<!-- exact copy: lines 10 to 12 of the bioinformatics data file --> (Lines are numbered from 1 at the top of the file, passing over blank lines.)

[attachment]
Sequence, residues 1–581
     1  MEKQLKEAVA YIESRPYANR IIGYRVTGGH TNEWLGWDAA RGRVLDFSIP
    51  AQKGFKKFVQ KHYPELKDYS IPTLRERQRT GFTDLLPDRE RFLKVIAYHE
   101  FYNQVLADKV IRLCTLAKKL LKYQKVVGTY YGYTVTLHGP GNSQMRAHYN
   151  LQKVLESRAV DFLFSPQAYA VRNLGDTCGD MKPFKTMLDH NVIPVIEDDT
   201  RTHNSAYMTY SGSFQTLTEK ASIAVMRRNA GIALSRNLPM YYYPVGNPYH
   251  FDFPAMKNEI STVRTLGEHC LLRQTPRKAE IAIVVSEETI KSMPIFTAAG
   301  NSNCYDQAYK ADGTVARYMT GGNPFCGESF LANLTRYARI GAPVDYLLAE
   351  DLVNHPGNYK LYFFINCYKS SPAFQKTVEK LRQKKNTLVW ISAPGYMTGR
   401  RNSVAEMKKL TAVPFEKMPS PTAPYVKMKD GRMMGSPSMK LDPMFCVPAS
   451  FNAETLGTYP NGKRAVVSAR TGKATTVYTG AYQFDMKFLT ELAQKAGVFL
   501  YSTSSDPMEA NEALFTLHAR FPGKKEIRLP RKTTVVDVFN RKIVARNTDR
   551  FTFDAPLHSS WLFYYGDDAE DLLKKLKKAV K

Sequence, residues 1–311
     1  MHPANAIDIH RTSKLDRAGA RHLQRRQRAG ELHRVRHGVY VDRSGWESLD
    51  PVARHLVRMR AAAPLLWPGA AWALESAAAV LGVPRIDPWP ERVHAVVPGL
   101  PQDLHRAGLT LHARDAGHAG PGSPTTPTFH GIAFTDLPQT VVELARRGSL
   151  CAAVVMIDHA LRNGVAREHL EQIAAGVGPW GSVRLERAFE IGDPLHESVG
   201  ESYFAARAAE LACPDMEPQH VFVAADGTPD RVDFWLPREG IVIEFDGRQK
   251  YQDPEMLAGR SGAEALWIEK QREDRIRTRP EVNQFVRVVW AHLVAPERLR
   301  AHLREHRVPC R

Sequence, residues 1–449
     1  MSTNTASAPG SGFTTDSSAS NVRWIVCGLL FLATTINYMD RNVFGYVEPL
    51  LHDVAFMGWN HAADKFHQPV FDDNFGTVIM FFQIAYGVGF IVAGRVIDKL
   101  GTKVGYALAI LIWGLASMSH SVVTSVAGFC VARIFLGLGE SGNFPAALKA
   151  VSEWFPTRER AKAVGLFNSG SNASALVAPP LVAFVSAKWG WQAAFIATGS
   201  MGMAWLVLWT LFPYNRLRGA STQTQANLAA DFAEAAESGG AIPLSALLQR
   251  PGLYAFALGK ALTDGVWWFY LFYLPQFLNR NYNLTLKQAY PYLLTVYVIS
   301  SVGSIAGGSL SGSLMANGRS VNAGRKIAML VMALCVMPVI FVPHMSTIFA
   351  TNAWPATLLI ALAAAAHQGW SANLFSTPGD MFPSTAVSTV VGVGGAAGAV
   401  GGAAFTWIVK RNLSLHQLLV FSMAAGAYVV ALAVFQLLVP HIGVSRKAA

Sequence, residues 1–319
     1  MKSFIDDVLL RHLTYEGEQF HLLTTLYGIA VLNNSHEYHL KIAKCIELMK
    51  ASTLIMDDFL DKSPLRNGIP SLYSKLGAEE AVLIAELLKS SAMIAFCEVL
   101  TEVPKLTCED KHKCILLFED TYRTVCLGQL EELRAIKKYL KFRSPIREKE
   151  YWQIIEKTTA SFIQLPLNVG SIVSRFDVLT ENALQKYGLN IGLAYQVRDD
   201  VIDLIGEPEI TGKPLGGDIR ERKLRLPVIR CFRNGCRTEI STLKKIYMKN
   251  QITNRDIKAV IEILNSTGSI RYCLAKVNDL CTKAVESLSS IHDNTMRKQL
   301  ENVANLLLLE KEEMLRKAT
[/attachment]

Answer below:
   401  RNSVAEMKKL TAVPFEKMPS PTAPYVKMKD GRMMGSPSMK LDPMFCVPAS
   451  FNAETLGTYP NGKRAVVSAR TGKATTVYTG AYQFDMKFLT ELAQKAGVFL
   501  YSTSSDPMEA NEALFTLHAR FPGKKEIRLP RKTTVVDVFN RKIVARNTDR